Just under 20 men and women of the cloth, bedecked in multicolored religious symbols and representing a spectrum of Utah faiths, stood side by side Wednesday to reaffirm their collective support for Proposition 3, which would expand Medicaid coverage to 150,000 uninsured individuals in the Beehive State.
“The generosity of Utahns is unquestionable,” said Bishop Oscar A. Solis, leader of the state’s 300,000-plus Catholics, at a temporary podium in a plaza behind the Cathedral of the Madeleine in downtown Salt Lake City, “but charitable works often require government support to ensure no person who is experiencing poverty or has clear vulnerabilities falls through the cracks.”
Several clergy mentioned that Jesus was a healer and taught his followers to care for one another.
The Rev. Jodi Bushdiecker, Bountiful Community Church (United Church of Christ), said her congregation has a long history of aligning its social-justice stances with the “gospel value of loving your neighbor.”
That is what Prop 3 will do, said Bushdiecker, who relied on some Medicaid assistance as a single mother working two jobs in another state.
With this ballot measure, Utahns have a chance, she said, to do God’s work by extending health care to some of the most vulnerable in the state.
The Bible is full of healing stories, said the Rev. Kim James, of the First United Methodist Church in a suburb of Ogden. “Healing the sick occupied a great deal of his time and attention. Jesus and healing go hand in hand. That was true in the first century and it’s true in the 21st century. ...We must be involved in this ministry.”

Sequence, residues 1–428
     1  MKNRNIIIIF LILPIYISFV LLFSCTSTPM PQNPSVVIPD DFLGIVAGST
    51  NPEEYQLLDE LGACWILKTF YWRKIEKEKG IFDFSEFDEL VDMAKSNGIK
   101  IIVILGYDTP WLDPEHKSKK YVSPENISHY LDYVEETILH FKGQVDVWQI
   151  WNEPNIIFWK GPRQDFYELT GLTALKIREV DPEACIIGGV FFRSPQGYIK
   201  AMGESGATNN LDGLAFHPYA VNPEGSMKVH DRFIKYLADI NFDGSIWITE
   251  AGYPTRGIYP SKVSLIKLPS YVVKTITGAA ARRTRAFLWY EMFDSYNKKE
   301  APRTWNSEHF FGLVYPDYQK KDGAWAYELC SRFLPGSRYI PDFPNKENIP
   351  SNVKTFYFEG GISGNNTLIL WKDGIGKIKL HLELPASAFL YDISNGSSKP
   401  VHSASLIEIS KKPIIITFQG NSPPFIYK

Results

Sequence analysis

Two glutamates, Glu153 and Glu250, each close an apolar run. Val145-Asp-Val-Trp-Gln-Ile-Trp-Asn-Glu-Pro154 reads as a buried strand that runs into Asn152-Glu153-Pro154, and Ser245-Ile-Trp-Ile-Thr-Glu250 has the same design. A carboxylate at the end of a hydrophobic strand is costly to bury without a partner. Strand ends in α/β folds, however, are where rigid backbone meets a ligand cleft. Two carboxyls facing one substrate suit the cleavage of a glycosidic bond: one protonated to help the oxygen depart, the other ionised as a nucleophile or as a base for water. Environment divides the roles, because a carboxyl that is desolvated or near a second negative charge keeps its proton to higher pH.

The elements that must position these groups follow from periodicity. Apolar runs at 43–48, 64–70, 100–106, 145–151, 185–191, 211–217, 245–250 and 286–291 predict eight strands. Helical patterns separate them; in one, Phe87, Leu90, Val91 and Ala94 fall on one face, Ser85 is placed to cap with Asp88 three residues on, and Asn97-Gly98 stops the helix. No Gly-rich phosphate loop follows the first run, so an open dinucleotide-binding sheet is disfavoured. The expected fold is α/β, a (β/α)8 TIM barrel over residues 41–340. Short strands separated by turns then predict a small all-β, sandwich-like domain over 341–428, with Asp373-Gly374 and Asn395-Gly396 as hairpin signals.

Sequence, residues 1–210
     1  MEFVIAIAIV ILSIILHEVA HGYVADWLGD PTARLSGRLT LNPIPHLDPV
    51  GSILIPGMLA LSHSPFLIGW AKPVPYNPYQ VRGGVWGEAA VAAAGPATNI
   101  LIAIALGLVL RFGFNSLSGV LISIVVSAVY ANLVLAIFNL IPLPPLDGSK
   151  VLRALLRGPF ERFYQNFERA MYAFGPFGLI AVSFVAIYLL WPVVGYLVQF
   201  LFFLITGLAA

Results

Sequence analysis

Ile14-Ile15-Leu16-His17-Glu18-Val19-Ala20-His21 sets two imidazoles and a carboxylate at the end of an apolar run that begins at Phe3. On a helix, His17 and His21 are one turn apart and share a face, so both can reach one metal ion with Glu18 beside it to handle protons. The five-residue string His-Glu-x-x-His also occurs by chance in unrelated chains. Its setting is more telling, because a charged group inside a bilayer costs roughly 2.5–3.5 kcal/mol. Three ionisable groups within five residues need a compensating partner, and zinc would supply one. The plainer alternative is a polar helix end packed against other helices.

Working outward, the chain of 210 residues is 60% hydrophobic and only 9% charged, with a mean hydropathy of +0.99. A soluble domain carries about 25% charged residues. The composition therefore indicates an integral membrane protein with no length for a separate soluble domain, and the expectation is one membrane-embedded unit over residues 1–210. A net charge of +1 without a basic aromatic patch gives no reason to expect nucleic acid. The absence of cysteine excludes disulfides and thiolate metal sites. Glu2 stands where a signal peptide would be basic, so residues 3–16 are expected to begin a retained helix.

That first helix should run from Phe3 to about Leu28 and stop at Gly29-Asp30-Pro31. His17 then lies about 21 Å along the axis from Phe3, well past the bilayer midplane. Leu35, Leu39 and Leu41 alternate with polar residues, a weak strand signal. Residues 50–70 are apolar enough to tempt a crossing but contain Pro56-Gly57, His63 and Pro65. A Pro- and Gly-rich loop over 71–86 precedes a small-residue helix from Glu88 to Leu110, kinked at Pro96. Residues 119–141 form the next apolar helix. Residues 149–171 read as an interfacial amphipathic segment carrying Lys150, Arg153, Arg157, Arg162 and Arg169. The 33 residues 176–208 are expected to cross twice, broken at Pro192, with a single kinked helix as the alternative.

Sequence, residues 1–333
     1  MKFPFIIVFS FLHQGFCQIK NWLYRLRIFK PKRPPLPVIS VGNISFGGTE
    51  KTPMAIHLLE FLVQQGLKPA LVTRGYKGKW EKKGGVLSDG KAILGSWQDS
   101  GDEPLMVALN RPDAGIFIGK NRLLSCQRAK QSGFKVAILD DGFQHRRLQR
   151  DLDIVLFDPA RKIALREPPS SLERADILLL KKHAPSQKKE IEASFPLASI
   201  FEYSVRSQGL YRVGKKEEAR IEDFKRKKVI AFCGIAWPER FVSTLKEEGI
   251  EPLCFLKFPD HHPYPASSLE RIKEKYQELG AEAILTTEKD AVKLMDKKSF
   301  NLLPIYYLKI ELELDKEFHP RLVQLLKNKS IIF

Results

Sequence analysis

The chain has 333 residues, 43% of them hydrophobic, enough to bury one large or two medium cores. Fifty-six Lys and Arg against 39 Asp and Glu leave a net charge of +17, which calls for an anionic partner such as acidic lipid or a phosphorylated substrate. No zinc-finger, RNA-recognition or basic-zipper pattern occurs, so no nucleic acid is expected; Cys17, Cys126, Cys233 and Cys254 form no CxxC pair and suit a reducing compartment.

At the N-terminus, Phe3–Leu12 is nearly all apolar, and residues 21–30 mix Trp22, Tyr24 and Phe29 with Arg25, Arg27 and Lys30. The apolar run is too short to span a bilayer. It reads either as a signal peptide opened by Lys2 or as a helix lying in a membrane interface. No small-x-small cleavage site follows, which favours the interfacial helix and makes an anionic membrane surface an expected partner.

The Rev. Monica Hall, from Trinity Presbyterian Church in Ogden, and other clergy in attendance have advocated for Medicaid extension since 2014.
Hall said some state lawmakers she talked with seemed to care more about “rejecting federal funds” than about “taking action for those in need.”
Her faith tells her, Hall said, that “Jesus cared deeply about the poor.”
Though many more individuals and families would be helped if the measure passes, Imam Shuaib Din of the Utah Islamic Center in Sandy said it’s not about numbers.
“If even one Utahn would benefit,” Din said, “it would be a good thing to do.”
Passing Prop 3 is a “moral imperative,” said the Rev. Curtis Price of Salt Lake City’s First Baptist Church. “For five years, we have struggled with this. … It’s time for us to act together. … So much to gain and so little to lose. We the people can do this.”
Extension of Medicaid with this ballot measure is not only the right choice, said the Rev. Vinnetta Golphin-Wilkerson of the Granger Christian Church (Disciples of Christ), “it’s the ONLY right choice.”
One notable absence in the group was an official representative of The Church of Jesus Christ of Latter-day Saints. Utah’s predominant faith has been fighting Proposition 2, which would legalize medical marijuana in the state.
Though not speaking for his church, Eric Biggart, chairman of the LDS Democrats Caucus, drew on Mormon scriptures and faith to explain his group’s support of Proposition 3.
“The savior came to earth to feed the hungry, clothe the naked, and comfort the sick,” Biggart said. “It is not a declaration of policy. He did not tell us how to vote.”
His church urges members to “govern themselves,” the Latter-day Saint Democrat said, and “to offer comfort, not judgment on ‘the least us.’”